Dewey Leboeuf office at 1305 Avenue of the Americas (NYLJ/Rick Kopstein)
Bankruptcy attorneys representing two of the criminally charged former Dewey & LeBoeuf leaders lost a bid to stay discovery of a trustee and a creditor’s suit against their clients, as Southern District Bankruptcy Judge Martin Glenn made his intent clear Thursday.
“I’m not going to wait three years for a criminal case to be disposed of” while civil cases in the bankruptcy court sit, Glenn said. “It seems to me discovery should move forward.”
Glenn said he would not require Joel Sanders, Dewey’s former chief financial officer or Stephen DiCarmine, the former executive director, to be deposed for now, but he said they won’t “get a free pass” for document production.
The judge, however, approved a request by creditor ePlus to amend its complaint to reflect ” recent disclosures in criminal and civil proceedings arising from the failure of Dewey & LeBoeuf.”
Sanders and DiCarmine, along with the firm’s ex-chairman, Steven Davis, and former client relations manager Zachary Warren were indicted earlier this month by the Manhattan District Attorney for their role in an alleged scheme to defraud and steal from investors and others. The Securities and Exchange Commission has also filed a civil fraud complaint against Sanders, DiCarmine, Davis and two other former officials at Dewey.
Among the pending claims in bankruptcy court is a suit brought by Alan Jacobs, the liquidating trustee, last November. The suit seeks up to $21.8 million in compensation that the firm paid to DiCarmine and Sanders under their employment contracts, which the suit alleges were signed in August 2007 on the eve of the fatal merger combination that created Dewey & LeBoeuf.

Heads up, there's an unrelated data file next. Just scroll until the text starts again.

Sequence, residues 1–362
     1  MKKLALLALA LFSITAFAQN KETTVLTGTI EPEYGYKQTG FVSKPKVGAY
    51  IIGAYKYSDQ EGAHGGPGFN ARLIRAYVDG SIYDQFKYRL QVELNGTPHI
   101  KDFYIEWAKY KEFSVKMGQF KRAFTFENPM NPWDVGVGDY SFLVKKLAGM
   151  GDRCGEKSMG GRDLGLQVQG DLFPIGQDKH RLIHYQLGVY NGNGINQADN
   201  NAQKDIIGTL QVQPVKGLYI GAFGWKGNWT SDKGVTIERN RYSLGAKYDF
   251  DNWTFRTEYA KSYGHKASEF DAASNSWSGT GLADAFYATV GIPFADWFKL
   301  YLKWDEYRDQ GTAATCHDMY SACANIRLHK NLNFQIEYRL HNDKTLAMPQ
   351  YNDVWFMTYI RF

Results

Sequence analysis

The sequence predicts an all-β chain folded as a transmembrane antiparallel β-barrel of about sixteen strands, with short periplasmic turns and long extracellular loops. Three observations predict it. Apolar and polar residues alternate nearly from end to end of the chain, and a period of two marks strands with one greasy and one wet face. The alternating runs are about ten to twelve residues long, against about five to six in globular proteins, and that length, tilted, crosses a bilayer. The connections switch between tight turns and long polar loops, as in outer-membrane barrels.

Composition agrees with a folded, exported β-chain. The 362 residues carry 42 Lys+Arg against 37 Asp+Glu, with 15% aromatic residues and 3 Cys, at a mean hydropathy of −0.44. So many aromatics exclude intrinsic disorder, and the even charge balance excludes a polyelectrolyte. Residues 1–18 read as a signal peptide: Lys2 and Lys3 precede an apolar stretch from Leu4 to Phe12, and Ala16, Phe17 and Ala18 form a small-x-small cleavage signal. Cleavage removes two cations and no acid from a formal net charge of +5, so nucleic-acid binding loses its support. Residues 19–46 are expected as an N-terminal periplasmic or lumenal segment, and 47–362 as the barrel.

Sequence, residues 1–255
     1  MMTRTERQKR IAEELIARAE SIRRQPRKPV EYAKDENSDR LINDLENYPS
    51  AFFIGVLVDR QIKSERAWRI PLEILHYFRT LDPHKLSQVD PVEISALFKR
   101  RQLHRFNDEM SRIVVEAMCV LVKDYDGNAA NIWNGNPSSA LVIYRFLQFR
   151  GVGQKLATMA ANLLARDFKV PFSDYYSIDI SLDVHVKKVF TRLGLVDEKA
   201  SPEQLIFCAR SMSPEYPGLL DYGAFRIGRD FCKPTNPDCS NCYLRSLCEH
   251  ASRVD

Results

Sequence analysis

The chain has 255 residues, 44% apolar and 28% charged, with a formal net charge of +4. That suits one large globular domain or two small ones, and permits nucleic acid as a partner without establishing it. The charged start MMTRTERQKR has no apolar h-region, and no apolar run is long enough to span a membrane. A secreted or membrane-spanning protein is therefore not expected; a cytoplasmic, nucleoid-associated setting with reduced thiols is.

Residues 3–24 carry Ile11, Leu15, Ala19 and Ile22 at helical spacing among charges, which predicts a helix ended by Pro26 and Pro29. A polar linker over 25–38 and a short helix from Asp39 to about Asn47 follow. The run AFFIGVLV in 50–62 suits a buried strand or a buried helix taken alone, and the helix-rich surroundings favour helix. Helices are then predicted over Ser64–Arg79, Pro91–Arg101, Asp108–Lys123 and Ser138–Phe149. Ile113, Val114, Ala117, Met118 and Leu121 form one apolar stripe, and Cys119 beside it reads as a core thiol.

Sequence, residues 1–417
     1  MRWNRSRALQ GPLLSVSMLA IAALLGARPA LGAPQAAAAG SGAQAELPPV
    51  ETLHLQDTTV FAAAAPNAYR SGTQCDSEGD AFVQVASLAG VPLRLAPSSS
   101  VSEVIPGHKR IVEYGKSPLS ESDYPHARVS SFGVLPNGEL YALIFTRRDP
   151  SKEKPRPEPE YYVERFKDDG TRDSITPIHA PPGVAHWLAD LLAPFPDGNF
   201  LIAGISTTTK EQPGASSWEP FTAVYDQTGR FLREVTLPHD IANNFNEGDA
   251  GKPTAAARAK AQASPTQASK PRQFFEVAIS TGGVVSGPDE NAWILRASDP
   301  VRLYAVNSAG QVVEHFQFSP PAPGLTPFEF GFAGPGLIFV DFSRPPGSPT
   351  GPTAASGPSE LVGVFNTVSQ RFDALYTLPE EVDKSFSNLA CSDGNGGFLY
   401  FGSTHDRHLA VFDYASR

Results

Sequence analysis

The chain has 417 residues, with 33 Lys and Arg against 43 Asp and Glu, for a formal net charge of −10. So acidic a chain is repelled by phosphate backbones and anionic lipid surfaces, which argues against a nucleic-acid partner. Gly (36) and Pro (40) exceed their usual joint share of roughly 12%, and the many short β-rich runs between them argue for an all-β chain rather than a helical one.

The trustee’s suit said the contracts provided DiCarmine and Sanders with a fixed base salary, fixed bonuses, discretionary bonuses and trust payments. The amounts paid to DiCarmine and Sanders “were objectively unreasonable, if not arbitrary and capricious,” the suit claims.
At a bankruptcy hearing Thursday morning, Kathryn Coleman, a partner with Hughes Hubbard & Reed who represents Sanders, asked Glenn to stay discovery.
But the judge rejected her request and encouraged the parties to work together and coordinate a discovery schedule for document production.
Davis is not a defendant in the liquidating trustee’s suit. Last year, Glenn approved a $19.5 million settlement of mismanagement claims between the liquidating trustee, Davis, and Dewey’s professional liability insurer.
In addition to the trustee’s suit, Sanders and DiCarmine face claims brought by ePlus, an equipment leasing and finance company, which alleges the Dewey leaders filed “false and misleading financial statements” upon which ePlus relied when leasing equipment and related software and services worth more than $5 million.
In a letter to the judge, ePlus asked Glenn if it could amend its complaint “in light of the recent disclosures in criminal and civil proceedings.” The company said it would add background and allegations relating the “misrepresentations and communications” at issue in its own lawsuit.
Glenn allowed ePlus, represented by Richard Levy Jr., a partner at Pryor Cashman, to move forward with the amended complaint.
Coleman and Mary Beth Buchanan, a Bryan Cave partner appearing in bankruptcy court for DiCarmine, declined to comment, as did Levy. Christopher Murray, a Diamond McCarthy attorney representing the liquidating trustee, also declined comment.
Experts outside the Dewey bankruptcy observed that the criminal charges and the SEC complaint could benefit the bankruptcy trustee or creditors.
Bill Brandt, president of restructuring firm Development Specialists Inc., which was serving as an advisor early in the bankruptcy case but is no longer involved, said the criminal indictments might push back the date of insolvency, allowing the trustee to review earlier transactions for possible fraudulent conveyance actions and other suits.
The allegations and e-mails cited by government authorities in the criminal and the SEC complaints are “such a sea change in accepted fact that I think everybody will take a second look at all previous settlements,” he added.
Philip Touitou, a partner with Hinshaw & Culbertson who focuses on attorney liability matters and is not involved in the case, said that the criminal charges are going to provide “more information that [the trustee and creditors] will be able to consider and use in trying to augment the value of the estate.”